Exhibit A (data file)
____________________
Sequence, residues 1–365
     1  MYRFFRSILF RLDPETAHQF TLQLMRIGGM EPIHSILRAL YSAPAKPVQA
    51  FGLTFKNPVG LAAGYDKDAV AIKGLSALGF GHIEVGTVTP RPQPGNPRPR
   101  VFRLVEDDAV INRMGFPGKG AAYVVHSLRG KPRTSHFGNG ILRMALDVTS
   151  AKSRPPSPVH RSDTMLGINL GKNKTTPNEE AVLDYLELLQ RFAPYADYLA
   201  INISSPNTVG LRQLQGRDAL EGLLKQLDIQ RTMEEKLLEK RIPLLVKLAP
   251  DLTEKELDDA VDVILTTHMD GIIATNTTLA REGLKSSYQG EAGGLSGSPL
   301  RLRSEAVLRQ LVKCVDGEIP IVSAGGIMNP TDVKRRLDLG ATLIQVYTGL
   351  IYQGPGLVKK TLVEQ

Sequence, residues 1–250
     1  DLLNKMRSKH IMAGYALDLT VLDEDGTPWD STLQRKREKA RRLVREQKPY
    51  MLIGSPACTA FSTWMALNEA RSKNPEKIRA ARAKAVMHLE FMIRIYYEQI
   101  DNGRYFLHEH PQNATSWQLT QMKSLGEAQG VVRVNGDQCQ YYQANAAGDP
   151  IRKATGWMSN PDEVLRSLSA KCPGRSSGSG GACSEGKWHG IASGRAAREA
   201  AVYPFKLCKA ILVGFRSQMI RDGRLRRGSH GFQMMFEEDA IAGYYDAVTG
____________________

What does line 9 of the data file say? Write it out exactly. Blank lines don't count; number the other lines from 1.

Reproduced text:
   351  IYQGPGLVKK TLVEQ